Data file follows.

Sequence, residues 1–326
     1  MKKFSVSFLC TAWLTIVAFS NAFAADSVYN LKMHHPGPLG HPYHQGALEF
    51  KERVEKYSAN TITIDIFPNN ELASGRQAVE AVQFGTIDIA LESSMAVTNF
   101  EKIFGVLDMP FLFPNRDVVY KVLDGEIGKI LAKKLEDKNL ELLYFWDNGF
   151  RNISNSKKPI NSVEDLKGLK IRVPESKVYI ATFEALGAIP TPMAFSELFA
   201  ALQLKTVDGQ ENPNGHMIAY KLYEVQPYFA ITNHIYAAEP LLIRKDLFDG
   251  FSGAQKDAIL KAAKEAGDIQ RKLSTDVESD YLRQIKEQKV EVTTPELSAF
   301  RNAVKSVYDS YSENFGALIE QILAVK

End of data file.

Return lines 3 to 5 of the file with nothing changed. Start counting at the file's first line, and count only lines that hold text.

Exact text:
    51  KERVEKYSAN TITIDIFPNN ELASGRQAVE AVQFGTIDIA LESSMAVTNF
   101  EKIFGVLDMP FLFPNRDVVY KVLDGEIGKI LAKKLEDKNL ELLYFWDNGF
   151  RNISNSKKPI NSVEDLKGLK IRVPESKVYI ATFEALGAIP TPMAFSELFA